By Isle of Wight Radio Reporter
Thu, 04 October 2012 6:49AM
An Isle of Wight fishing boat captain, jailed over a plot to smuggle £50m of cocaine hidden among lobster pots, has failed to convince top judges he is the victim of a miscarriage of justice.
Jamie Peter Green, 44, of Newport Road, Yarmouth, is serving a 24-year sentence after he was convicted of conspiracy to import cocaine at Kingston Crown Court last year.
Green, who appeared via video-link at London's Criminal Appeal Court, and his co-conspirators planned to retrieve watertight holdalls stuffed with drugs from amongst lobster pots - where they had been stashed offshore.
His case was referred to the Criminal Cases Review Commission (CCRC) - which investigates potential miscarriages of justice - after a juror, known as 'Juror Nine', made serious allegations about discussions in the jury room.
Green's lawyers argued the allegations rendered his conviction "unsafe" and urged three of the country's most senior judges to hear evidence from Juror Nine about what happened during deliberations.
But, rejecting his appeal bid, Lady Justice Hallett said Juror Nine's evidence was 'not capable of belief' and would not be heard as 'fresh evidence' by the Appeal Court.
The prosecution case at trial was that more than half a ton of cocaine was dropped from a ship and members of the gang headed out to collect the packages in Green's fishing boat, Galwad-Y-Mor.
After bringing the drugs closer to land, they were dropped again into the sea, with the intention that they would be collected during the hours of darkness.
The holdalls had been tied along a rope so they resembled lobster pots, with a buoy and makeshift anchor tied to either end to allow the gang to retrieve their haul.
The drugs eventually washed up in Freshwater Bay, where they were spotted by a member of the public who then contacted the police.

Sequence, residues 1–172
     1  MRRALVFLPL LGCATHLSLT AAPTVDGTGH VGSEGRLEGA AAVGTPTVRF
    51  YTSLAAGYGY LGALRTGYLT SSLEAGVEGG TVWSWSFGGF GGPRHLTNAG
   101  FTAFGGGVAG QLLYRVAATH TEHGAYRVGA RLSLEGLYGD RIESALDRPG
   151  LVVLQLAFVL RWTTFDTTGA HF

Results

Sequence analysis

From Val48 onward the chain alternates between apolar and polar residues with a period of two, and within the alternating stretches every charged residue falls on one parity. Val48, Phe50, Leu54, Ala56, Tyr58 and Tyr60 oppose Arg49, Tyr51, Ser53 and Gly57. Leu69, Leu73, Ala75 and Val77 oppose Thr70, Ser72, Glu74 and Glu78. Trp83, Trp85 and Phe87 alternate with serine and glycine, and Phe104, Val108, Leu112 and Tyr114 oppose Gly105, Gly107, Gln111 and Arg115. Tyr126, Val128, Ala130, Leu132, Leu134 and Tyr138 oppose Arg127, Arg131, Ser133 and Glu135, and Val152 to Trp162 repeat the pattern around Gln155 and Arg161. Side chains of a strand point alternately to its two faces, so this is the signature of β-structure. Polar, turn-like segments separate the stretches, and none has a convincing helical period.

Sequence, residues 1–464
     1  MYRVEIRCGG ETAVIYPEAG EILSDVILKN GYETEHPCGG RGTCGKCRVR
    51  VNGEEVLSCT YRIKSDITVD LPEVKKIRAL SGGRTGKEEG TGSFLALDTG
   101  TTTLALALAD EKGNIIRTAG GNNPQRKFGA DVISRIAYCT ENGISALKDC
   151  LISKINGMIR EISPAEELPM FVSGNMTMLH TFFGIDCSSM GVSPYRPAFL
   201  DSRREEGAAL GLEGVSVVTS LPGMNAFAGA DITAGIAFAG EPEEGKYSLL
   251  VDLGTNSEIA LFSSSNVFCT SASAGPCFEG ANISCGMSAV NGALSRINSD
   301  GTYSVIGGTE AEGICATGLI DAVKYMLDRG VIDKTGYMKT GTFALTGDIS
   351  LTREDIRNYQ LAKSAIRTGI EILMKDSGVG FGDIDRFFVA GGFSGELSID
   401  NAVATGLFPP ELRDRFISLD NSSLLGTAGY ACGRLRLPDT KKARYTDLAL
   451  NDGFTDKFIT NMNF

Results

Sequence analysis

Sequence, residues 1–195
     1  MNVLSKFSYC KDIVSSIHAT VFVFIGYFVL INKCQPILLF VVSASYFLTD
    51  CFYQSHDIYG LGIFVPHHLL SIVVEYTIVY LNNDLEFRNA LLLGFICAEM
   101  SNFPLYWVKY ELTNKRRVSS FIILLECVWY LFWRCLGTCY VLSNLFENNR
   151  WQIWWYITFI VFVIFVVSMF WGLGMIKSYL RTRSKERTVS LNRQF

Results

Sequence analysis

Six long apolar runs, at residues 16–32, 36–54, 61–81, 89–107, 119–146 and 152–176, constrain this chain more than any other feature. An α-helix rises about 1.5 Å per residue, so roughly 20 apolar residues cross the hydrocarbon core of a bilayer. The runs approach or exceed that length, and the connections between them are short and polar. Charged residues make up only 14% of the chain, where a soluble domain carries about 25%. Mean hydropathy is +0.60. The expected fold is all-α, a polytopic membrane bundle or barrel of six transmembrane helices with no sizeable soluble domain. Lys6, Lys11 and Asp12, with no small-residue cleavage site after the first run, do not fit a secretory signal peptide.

Doubts were raised over the safety of Green's conviction when Juror Nine came forward and claimed certain other members of the jury were 'biased'.
The juror also claimed matters were discussed during deliberations which had not emerged as part of the evidence during the trial.
The CCRC launched an investigation and interviewed the other members of the jury panel in a bid to establish what happened in the jury room, but none of the other jurors backed up Juror Nine's statement.
Green's lawyers argued the allegations made by Juror Nine, if true, rendered Green's conviction unsafe.
His barrister, Miranda Moore QC, said that, if Juror Nine's credibility was called into question, then he should be called to give evidence before the Appeal Court.
But, dismissing the appeal, Lady Justice Hallett said Juror Nine's evidence was 'not capable of belief'.
The judge added: "On our reading of the CCRC's investigation, there is in fact not only no support for Juror Nine's allegations, the other jurors contradict the serious allegations that he has made."
She said the other jurors felt Juror Nine was someone who held strong views about the lengthy sentences imposed on drug offenders and allowed that to colour his judgment during the deliberations.
The judge, sitting with Mr Justice Cranston and Mr Justice Burnett, added: "We see considerable force in the submission that it would be extraordinary if Juror Nine was correct in his allegations and remembered what had happened accurately, while all the other jurors had a different recollection."